3a) Setting up GEMS with zero effective security, by allowing MS-Access to alter GEMS voting data, passwords and audit trails. Even a cursory examination of the data files by anyone technically competent with MS-Access will reveal most of the extent of the problem.
3b) Knowingly leaving these security flaws in place, because MS-Access was a "convenient tool" to modify the data, despite MS-Access never being approved or tested by ANY government agency as elections software. Internal Diebold EMails fully document this going back to at least the year 2000, and in 2001 fraudulent statements were made to the Federal Independent Testing Authority ("Metamor", now called Ciber Inc) regarding this security flaw - in an EMail message of October 18th 2001 by Ken Clark, Diebold Election System's "Senior Engineer" which also disparaged the technical abilities of said testing lab, apparantly with some authority.
3c) In that same damning EMail, Mr. Clark mentions being able to tamper with vote data himself.
4) The data files are NOT Diebold property. They are owned by the various county clients of Diebold, and in my opinion and study of the California Public Records Act, the files from California (Alameda and San Luis Obispo Counties) are public record. According to SLO County Registrar Julie Rodewald, the SLO County file is "live elections data" from the day of the 3/5/02 primaries, timestamped BEFORE the close of the polls (stamped 3:31pm) and containing "live vote data" (absentee ballots). Rodewald claims that this file was NOT released to Diebold by her or her staff, certainly not for public distribution on a Diebold website unprotected by any password at all. The file itself did have a primitive password which turns out to be "sophia" - Diebold technical staffer Sophia Lee was present at the county that day according to Rodewald, apparantly in violation of INS rules! (See also the "ElectionSupportGuide.pdf" file section 3.1 on "crossing the border" for instructions by Diebold Election Systems to their employees to violate US immigration law.)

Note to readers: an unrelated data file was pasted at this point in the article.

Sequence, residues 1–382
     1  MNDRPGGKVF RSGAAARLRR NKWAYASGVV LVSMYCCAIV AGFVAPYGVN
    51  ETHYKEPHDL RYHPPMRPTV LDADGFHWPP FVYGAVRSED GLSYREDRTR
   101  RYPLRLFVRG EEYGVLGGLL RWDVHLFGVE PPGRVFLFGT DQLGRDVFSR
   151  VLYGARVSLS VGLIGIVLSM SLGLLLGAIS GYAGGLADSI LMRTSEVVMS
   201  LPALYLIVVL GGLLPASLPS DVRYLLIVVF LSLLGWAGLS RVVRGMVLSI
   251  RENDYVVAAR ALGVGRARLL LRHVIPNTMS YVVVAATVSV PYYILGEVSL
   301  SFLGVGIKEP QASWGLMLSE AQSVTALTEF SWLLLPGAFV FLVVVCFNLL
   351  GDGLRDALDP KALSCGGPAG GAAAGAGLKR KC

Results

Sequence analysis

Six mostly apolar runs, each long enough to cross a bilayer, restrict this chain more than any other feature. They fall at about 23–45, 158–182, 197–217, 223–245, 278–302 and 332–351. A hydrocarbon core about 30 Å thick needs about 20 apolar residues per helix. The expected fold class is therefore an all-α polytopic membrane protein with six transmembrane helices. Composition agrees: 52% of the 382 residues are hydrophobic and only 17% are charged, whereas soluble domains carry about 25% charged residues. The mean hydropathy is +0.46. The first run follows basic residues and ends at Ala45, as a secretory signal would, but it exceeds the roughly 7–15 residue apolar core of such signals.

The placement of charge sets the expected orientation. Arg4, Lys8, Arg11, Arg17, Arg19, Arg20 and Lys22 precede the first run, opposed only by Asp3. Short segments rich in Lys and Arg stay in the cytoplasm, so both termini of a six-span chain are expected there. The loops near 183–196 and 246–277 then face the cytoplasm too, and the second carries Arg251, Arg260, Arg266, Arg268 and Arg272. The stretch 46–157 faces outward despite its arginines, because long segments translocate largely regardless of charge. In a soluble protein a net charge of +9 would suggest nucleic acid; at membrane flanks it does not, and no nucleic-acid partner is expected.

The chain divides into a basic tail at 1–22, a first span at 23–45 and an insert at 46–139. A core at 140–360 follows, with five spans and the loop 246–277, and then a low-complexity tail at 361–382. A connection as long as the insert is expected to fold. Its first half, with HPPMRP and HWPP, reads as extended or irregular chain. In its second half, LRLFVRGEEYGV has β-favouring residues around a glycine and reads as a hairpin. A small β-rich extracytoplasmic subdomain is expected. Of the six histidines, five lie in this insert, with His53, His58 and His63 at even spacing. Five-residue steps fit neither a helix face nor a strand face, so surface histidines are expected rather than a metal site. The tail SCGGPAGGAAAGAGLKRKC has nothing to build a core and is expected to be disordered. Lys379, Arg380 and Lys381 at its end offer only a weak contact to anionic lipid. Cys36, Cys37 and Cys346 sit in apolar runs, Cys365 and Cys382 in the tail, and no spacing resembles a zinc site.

5) The other major reason the Diebold Elections System copyright is invalid is that said copyrights cannot legally benefit Diebold Elections Systems. Not without one hell of a large re-write. It is illegal to use the GEMS product in a US election. It passed Federal Elections Commission certification due to Diebold's deliberate fraud, and the laws of every state where electronic voting systems are used ban the use of programs and systems that can be tampered with.
California Elections Code 19205 is a typical example:
------------- 19205. The Secretary of State shall establish the specifications for and the regulations governing voting machines, voting devices, vote tabulating devices, and any software used for each, including the programs and procedures for vote tabulating and testing. The criteria for establishing the specifications and regulations shall include, but not be limited to, the following: (a) The machine or device and its software shall be suitable for the purpose for which it is intended. (b) The system shall preserve the secrecy of the ballot. (c) The system shall be safe from fraud or manipulation. -------------
GEMS emphatically does not comply with (a) or (c) above.
It is just as illegal to use GEMS to tally a California vote as it is to deal crack cocaine at a polling place. And Diebold technical staff have known this for years.